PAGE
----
Protein that Makes Aggressive Mice Violent Found in Brain's Reward Area
Complete the form below to unlock access to ALL audio articles.
Aggressive behavior and the motivation to act aggressively have distinct molecular bases, according to a study of male mice published in JNeurosci. This finding suggests the possibility of reducing aggression by targeting a protein associated with addiction in a reward region of the brain.
Despite sharing core features with drug addiction, the mechanisms underlying aggression are far less understood. One shared mechanism may involve a transcription factor, ΔFosB, which builds up in the nucleus accumbens (NAc) in response to many different rewarding experiences, including sex and exercise.
Scott Russo, Elizabeth Heller, and colleagues found that higher levels of ΔFosB in NAc neurons were associated with more intense behaviors by aggressive mice defending their home cage from an intruder. Overexpressing ΔFosB in aggressive mice also increased their dominance over an opponent when they faced each other in a narrow tube. While increased ΔFosB in dopamine D1 receptor expressing medium spiny neurons (D1-MSNs) was associated with increased aggression intensity, mice with increased ΔFosB in D2-MSNs showed less preference for an environment where they previously encountered an intruder. These results identify distinct roles of ΔFosB in two different NAc cell types that regulate aggressive behavior and its rewarding qualities.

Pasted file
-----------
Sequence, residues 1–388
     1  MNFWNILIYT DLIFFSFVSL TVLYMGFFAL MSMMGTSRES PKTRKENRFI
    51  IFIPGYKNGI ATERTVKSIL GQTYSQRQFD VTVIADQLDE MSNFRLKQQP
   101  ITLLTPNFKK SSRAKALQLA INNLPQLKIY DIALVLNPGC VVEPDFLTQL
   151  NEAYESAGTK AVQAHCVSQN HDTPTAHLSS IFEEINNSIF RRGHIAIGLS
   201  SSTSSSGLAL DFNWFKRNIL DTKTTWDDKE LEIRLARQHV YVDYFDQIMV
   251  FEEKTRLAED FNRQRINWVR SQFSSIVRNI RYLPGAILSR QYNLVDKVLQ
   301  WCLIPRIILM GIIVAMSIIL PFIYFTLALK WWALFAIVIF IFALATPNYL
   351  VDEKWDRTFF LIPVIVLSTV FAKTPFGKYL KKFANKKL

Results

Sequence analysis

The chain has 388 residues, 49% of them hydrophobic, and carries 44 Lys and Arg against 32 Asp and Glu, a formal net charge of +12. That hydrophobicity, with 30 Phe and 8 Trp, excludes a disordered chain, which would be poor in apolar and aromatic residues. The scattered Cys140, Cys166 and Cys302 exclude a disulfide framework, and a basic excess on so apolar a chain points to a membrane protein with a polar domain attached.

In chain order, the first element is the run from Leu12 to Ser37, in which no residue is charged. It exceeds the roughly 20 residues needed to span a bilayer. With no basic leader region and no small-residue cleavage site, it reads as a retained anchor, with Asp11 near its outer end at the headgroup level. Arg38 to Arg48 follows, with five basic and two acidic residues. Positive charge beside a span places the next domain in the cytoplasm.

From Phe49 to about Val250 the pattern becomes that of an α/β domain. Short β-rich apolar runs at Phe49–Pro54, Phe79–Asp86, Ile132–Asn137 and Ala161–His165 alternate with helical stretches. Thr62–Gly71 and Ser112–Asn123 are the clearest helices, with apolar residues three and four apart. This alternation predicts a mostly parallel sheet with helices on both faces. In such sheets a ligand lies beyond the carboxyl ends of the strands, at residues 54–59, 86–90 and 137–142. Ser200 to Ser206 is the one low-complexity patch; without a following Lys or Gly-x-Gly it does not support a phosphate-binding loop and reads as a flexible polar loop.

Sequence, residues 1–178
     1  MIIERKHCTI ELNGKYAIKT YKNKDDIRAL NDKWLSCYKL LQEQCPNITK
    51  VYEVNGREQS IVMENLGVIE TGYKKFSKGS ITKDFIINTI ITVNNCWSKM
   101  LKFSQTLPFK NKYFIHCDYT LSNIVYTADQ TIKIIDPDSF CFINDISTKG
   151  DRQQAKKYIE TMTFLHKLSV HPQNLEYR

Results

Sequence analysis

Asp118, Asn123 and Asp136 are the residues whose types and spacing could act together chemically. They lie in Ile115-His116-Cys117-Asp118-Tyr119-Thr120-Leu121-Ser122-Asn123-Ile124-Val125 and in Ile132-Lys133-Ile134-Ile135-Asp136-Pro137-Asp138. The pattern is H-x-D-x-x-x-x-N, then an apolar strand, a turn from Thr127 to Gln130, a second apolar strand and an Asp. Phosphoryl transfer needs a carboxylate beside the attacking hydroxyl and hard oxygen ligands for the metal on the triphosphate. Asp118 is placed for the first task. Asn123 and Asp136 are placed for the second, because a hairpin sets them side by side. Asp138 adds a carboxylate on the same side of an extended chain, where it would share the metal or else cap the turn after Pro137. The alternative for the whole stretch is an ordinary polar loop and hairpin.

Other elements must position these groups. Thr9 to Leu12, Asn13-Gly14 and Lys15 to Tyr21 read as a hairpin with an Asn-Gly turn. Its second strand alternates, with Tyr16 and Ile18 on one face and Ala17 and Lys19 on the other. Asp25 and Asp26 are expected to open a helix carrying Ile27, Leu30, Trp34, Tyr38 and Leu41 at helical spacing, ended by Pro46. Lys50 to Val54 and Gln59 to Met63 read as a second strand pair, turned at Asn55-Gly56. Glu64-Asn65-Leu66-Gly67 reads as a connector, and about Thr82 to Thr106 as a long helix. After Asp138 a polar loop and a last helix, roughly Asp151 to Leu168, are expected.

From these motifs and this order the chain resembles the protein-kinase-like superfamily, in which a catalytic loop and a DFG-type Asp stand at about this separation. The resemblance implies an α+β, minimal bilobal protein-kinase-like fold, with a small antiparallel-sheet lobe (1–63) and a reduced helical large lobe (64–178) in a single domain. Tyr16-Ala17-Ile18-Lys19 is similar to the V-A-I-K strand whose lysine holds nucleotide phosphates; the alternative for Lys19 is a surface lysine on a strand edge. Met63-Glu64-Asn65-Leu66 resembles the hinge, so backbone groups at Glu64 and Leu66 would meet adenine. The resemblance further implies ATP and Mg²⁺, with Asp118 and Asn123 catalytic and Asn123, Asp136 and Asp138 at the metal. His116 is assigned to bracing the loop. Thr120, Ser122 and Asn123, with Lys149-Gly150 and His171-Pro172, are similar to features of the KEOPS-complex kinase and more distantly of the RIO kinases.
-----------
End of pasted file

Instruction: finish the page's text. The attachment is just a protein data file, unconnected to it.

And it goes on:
This article has been republished from materials provided by Society for Neuroscience. Note: material may have been edited for length and content. For further information, please contact the cited source.
Aleyasin, H., Flanigan, M., Golden, S., Takahashi, A., Menard, C., & Pfau, M. et al. (2018). Cell-type-specific role of ΔFosB in nucleus accumbens in modulating inter-male aggression. The Journal Of Neuroscience, 0296-18. doi: 10.1523/jneurosci.0296-18.2018